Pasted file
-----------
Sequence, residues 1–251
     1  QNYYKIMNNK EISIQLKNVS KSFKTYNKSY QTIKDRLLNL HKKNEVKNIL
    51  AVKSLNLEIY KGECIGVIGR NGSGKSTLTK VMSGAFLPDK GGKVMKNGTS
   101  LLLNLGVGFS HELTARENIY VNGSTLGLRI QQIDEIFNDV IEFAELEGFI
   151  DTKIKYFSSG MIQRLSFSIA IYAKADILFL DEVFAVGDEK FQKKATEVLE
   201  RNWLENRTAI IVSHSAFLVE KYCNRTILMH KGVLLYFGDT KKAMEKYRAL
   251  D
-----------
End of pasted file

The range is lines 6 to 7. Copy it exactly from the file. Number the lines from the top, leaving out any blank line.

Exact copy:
   201  RNWLENRTAI IVSHSAFLVE KYCNRTILMH KGVLLYFGDT KKAMEKYRAL
   251  D